Koala population will be able to survive Australia’s catastrophic bushfires, says CQUni expert
Published:07 January 2020
CQUniversity's koala expert Dr Alistair Melzer says the koala can survive the catastrophic bushfires around Australia.
CQUni Koala expert Dr Alistair Melzer says as catastrophic as the bushfires around Australia are, the koala is not facing extinction.
Asked whether the nation’s koala populations will recover from the bushfires raging in New South Wales and Victoria, Dr Melzer said that in any one region, survival was dependent upon the local extent and severity of the fires and on the size and condition of the unburned fire refuges.
“It depends on the situation,” he said. “Where there has been catastrophic crown fires the local populations will have been lost. Koalas instinctively climb to the top of trees, so they will have been lost in places where those types of fire have happened. Not just koalas, but many other animals.”
“Yes, the fires have been devastating but it doesn’t mean the koala is functionally extinct. There will be population impacts on local and regional areas in Victoria and South-Eastern New South Wales, but the species will be able to survive.”
Dr Melzer said the bushfires were of a different intensity in parts of Northern New South Wales and Queensland however, and some habitats are already recovering, giving surviving koalas a chance to expand from those “fire refuges”.
We have received accounts of healthy koalas surviving the fires in the Carnarvon Ranges in Central Queensland and in some northern New South Wales forests.
“Those surviving koalas will have to adapt in these areas - will they find enough food resources?” he said.
“Koalas are dependent on eucalypt for both food and water. With the prolonged drought and heat and now these bushfires the quality of that foliage will go down, which may limit the availability of water, and the nutrient content of the foliage. This may also reduce their reproductive capacity.
“Koalas will be able to recover, but that’s dependent on this climate change-driven drought, aquifers and tree recovery.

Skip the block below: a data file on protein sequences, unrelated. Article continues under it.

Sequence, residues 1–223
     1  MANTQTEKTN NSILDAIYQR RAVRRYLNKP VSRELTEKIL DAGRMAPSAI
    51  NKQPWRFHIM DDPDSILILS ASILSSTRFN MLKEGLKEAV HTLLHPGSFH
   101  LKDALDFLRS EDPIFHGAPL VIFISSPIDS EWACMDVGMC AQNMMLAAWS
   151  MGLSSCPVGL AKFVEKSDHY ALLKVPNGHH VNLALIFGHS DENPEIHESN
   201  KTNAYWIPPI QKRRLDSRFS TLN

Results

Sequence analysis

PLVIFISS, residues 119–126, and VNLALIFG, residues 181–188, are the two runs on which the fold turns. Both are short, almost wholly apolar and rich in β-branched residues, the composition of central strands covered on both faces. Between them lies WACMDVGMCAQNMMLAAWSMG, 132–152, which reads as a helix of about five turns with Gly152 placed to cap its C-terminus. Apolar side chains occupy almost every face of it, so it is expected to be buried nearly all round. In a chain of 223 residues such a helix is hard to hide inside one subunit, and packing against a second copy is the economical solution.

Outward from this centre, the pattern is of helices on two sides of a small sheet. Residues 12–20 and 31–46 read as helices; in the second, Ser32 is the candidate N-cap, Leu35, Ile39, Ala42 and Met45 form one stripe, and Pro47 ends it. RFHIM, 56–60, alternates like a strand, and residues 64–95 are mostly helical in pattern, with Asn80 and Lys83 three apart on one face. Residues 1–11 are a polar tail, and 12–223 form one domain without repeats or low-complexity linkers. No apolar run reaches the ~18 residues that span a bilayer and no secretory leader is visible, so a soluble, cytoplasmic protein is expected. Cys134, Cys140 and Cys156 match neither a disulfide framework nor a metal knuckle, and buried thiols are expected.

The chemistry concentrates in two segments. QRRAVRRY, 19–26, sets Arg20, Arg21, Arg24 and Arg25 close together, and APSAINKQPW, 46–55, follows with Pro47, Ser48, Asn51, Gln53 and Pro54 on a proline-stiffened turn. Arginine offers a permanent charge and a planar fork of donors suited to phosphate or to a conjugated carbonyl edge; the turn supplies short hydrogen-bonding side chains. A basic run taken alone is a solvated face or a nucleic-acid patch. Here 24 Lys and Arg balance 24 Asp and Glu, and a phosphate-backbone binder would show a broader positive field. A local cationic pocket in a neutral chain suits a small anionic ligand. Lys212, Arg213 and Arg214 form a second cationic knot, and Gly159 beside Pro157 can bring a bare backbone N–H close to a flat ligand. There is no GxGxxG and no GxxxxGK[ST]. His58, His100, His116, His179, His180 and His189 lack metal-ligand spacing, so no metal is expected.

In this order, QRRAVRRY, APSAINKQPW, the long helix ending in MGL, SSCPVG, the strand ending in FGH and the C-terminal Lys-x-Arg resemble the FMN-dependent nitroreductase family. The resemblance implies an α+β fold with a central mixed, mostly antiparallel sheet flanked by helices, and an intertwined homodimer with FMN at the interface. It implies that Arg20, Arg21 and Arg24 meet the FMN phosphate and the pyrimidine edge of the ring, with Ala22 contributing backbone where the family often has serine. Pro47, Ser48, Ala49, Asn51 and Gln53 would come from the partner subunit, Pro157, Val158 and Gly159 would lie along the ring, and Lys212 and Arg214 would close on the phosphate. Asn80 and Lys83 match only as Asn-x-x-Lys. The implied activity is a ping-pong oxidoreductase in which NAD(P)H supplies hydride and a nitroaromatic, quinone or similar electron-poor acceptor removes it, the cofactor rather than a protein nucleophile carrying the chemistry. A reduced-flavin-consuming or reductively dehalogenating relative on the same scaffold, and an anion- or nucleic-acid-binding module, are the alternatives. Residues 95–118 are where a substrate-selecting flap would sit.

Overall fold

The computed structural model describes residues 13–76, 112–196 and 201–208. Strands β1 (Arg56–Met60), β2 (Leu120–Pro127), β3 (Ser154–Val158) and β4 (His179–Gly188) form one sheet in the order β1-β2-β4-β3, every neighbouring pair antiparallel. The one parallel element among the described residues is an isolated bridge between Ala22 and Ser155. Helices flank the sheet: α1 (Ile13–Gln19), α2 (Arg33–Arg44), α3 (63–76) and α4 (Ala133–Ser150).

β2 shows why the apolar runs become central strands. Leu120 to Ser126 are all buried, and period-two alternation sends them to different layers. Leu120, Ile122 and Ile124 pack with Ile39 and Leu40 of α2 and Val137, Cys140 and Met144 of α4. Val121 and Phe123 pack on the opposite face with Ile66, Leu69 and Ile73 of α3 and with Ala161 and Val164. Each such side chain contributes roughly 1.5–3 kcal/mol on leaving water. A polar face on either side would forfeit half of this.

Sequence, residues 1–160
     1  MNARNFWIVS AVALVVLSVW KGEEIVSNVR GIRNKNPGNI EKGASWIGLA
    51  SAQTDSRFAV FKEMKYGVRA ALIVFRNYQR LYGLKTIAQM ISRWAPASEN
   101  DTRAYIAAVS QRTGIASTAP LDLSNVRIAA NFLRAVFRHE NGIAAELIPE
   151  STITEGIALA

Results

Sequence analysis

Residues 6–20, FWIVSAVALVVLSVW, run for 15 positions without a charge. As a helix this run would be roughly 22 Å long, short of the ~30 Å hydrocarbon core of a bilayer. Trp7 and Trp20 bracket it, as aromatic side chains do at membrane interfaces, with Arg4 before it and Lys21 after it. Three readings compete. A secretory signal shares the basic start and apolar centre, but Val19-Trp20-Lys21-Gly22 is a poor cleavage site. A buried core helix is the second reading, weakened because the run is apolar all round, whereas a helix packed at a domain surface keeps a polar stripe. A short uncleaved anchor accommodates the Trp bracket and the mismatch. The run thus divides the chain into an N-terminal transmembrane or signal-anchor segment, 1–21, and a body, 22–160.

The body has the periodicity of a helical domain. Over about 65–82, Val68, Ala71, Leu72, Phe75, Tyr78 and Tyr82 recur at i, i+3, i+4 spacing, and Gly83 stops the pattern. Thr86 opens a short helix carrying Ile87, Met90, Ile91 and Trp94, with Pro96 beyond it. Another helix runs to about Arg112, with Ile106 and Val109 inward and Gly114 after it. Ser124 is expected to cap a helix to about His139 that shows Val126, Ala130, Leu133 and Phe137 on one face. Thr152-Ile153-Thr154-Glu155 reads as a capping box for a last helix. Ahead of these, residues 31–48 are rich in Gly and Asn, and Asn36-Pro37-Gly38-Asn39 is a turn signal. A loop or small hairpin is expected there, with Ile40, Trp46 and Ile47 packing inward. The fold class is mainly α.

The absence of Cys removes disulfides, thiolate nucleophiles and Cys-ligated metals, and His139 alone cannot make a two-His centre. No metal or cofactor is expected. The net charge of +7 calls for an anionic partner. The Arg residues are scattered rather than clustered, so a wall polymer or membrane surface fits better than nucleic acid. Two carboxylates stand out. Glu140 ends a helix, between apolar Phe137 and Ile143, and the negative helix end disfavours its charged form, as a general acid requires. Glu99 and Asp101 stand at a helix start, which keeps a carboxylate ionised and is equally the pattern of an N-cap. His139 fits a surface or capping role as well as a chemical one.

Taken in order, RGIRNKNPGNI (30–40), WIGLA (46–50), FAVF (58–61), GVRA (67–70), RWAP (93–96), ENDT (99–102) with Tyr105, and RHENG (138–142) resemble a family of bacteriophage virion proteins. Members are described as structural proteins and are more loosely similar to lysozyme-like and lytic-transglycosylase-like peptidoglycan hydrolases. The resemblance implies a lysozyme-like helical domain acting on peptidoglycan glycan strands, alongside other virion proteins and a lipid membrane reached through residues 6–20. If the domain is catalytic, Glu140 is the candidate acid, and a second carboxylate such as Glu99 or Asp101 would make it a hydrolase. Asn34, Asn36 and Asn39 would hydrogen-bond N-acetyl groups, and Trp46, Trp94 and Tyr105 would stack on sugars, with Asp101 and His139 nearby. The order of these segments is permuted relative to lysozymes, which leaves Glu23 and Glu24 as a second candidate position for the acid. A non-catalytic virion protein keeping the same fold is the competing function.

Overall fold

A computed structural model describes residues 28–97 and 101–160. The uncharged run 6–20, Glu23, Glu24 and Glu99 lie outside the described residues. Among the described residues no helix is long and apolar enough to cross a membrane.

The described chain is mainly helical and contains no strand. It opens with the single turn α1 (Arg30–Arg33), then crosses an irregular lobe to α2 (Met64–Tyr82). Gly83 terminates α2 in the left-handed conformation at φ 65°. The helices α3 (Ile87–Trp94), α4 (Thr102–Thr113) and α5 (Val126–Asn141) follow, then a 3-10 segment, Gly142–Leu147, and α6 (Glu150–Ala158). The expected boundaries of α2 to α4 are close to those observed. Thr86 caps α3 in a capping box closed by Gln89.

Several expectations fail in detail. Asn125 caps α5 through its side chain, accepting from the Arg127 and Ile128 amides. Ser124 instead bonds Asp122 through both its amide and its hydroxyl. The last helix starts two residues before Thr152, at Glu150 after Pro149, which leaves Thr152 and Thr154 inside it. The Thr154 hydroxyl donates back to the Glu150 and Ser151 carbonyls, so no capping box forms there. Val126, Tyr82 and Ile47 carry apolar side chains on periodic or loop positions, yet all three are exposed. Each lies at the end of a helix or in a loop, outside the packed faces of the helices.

“The impacts on koalas and their habitat is more severe in eastern New South Wales, Victoria and South Australia, but much less so in Queensland which has a different landscape. Much of the koala habitat in Queensland has a simpler, more open structure and is less likely to experience crown fires.
“If this (the extreme drought, heatwave and extensive bushfires) is going to become the norm we will have to be prepared for a change in distribution of the koala and of the koala habitat in coming decades.”
He said the unreliability of population estimates made it difficult to calculate the actual numbers of koalas lost to the bushfires, but he said these losses compound those caused by the ongoing drought.
“It’s more important to look at the impact on the extent of the habitat, rather than koala numbers,” he said.
“Koalas mostly live in low-density areas and their population is extensively connected so their recovery will depend on how the habitat recovers.
“We need to remember that as catastrophic as these fires are they are a product of the extensive drought in Australia and it was already having an impact and will likely continue to have an impact for at least the rest of this year.”
Dr Alistair Melzer (PhD Ecology UQ) has been working in regional Queensland since 1989 when he commenced studies into koala ecology around Springsure in Central Queensland. Dr Melzer has worked with Queensland’s industry, government and community since 1995 to resolve environmental problems associated with project development and subsequent management. Alistair also pursues independent, applied research projects in partnership with state agencies, universities and the community. Currently, these include:
Koala conservation biology;
Restoration of koala habitat under climate change;
Management of environmental weeds and the recovery of fire sensitive ecosystems; and
Ecosystem change under pressure from climate change on Australia’s continental islands.
Dr Melzer has provided impartial, expert advice to community, industry, state (New South Wales, South Australia and Queensland) and federal agencies and local governments on a variety of environmental issues associated with conservation biology, biodiversity management, and environmental risks. He has been formally and informally involved in the recovery planning processes for the bridled nailtail wallaby, northern hairy-nosed wombat, and the yellow chat, as well as conservation planning for the koala and some ecosystems. Dr Melzer was a member of the Queensland Government’s expert panel to provide advice on ways to better protect koalas. He also provides advice to the New South Wales Natural Resource Commission on koala research strategy.